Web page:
June is LGBTQIA+ Pride Month. In partnership with Viasat’s Pride Alliance Employee Resource Group, Viasat is celebrating the month by uplifting LGBTQIA+ voices, celebrating its culture and supporting LGBTQIA+ rights. As part of that, we’ve asked Pride Alliance members to talk about the importance of connection in their lives.
Ash Stephens | Diversity, Equity & Inclusion Coordinator
As a member of the LGBTQIA+ community, maintaining connections throughout the pandemic was not just about having virtual fun or joking about one day seeing each other in person again. These connections have been a lifeline for myself and for so many of my friends.
After being in lockdown, having hours of sitting with yourself alone and outside the public eye, I realized that there were so many pressures I put onto myself as a queer person: how I presented myself, how I acted in public or with friends or at work, etc. But the question that stopped me in my tracks was — did that make me happy?
Staying connected through social media like Instagram, Snapchat, TikTok, and Discord channels allowed me to reexamine what made me happy as a person. The biggest turning point for me was realizing that I didn’t feel comfortable existing within the gender binary, and I had friends and a community who were there to guide me through my journey as I discovered what being non-binary meant for me. These connections validated my experience, reminded me that I wasn’t alone and that there were people out there with a story like my own.
All I want now is to be a part of that connection for someone else who might not have the support or privilege that I do, and tell them they have a place where they can feel safe.
Sometimes, connection is everything.
Kristin Walsh | Deputy General Manager Viasat Duluth
My LGBTQ community is very small, and being forced apart during COVID was extremely difficult. The two women – a lesbian couple – I am most connected with (my “adopted moms”) are much older than me and have been very concerned and cautious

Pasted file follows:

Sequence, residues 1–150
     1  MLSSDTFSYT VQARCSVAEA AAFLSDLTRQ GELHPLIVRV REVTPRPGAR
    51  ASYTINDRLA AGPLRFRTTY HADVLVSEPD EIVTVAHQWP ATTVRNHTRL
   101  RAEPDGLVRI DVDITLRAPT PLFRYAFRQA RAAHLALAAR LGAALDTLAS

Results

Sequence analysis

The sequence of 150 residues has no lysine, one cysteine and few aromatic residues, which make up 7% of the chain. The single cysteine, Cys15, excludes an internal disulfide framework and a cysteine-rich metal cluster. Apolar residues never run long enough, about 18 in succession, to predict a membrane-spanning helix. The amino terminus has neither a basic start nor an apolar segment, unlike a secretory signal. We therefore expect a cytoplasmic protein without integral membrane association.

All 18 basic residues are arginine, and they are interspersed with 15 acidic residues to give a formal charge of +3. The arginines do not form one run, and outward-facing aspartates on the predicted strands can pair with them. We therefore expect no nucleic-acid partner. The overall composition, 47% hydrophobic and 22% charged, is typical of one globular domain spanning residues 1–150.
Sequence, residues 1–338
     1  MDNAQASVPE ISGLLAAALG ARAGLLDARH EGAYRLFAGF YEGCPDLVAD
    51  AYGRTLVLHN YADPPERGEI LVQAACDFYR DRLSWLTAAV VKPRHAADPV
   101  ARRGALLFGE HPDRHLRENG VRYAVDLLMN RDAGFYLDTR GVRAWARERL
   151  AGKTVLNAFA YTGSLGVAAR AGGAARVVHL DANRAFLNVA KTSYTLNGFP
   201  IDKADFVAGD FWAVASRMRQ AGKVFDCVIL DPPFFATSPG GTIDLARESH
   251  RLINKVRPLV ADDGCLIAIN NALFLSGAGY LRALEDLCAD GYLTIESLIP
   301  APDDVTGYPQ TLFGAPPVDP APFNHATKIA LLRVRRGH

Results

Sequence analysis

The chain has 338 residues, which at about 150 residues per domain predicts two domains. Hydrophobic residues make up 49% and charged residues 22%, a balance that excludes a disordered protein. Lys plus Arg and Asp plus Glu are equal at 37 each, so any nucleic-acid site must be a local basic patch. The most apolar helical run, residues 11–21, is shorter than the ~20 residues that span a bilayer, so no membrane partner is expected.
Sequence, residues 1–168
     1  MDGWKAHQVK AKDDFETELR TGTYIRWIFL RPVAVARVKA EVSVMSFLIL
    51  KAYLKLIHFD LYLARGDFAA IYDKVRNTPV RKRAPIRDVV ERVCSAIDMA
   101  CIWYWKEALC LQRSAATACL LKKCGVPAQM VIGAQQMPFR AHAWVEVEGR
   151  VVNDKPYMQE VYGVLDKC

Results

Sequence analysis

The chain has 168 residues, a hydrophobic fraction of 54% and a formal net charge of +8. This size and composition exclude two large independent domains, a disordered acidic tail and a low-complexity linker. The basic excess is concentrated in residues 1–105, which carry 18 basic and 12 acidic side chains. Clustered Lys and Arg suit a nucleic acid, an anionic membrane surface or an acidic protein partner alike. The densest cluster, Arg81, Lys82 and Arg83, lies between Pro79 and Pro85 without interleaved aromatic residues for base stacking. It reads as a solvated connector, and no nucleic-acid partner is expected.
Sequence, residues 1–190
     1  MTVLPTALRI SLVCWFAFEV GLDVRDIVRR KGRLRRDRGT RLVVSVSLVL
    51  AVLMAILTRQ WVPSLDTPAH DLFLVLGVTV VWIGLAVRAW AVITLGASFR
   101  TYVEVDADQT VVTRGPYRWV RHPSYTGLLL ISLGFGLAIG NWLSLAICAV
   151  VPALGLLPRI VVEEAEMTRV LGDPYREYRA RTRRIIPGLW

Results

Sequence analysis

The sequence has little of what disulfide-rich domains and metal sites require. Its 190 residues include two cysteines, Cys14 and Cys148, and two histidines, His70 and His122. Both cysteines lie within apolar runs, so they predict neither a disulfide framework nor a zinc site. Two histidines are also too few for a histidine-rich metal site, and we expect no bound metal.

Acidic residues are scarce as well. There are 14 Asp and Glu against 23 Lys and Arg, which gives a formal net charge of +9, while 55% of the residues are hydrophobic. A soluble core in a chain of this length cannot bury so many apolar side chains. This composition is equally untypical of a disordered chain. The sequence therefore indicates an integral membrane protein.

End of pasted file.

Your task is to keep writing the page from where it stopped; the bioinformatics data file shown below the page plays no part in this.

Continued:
throughout the pandemic. Finally, after over a year apart, we were able to get together with masks in a socially distanced environment, and I realized how much I missed my connection to other gay women. We have gradually increased our interactions and I have been reminded of how different and comfortable it feels to be in the presence of other members of the LGBTQ community.
Pride Month offers an opportunity to reflect, and this is one connection for which I feel incredibly fortunate.
Blake Petrea | Global Trade Analyst
During this Pride Month, and as a member of the LGBTQ community, I would like to recognize the connections I have made that have led with love, kindness, and support. I am beyond grateful to work in an environment — and most importantly with people — that allow me to flourish and express my identity and relationships without hesitation. Viasat, and my entire Global Trade family, have been incredibly supportive during my time here. To feel accepted is a central element to success, and I feel that acceptance here at Viasat.
Lusi Balzano | Test Equipment Administrator
Reconnecting with Pride means a lot to me. To many of us, myself included, being able to reconnect with friends is the same as reconnecting with family. Because let’s face it: to so many of us, that is our only family. And being forced — for their safety and my own — to be apart was like losing family again.
But now things are finally getting back on track and events are picking back up. And we’re still here, and we’re still living loud and proud as ourselves — just in time to celebrate a whole month of being ourselves, and taking Pride in who we are.
We all faced a lot of challenges, and while we were alone physically, we weren’t alone in spirit. So many of us adapted to the restrictions in safe and meaningful ways, and I can only hope we’ll see the continuance of these new skills going further, especially for people who aren’t as abled, and could benefit from the tele-setups.
Granted, I will miss the masks. It was definitely a fantastic tool of fashion and passability (as problematic as the concept of passing may be), but while wearing it, I didn’t have to shave twice a day or fear being accosted by a random stranger who was upset with me for simply existing in a space. You could say that the mask offered double protection for this transwoman. It offered safety from spreading the virus and safety from the people who make Pride a necessity.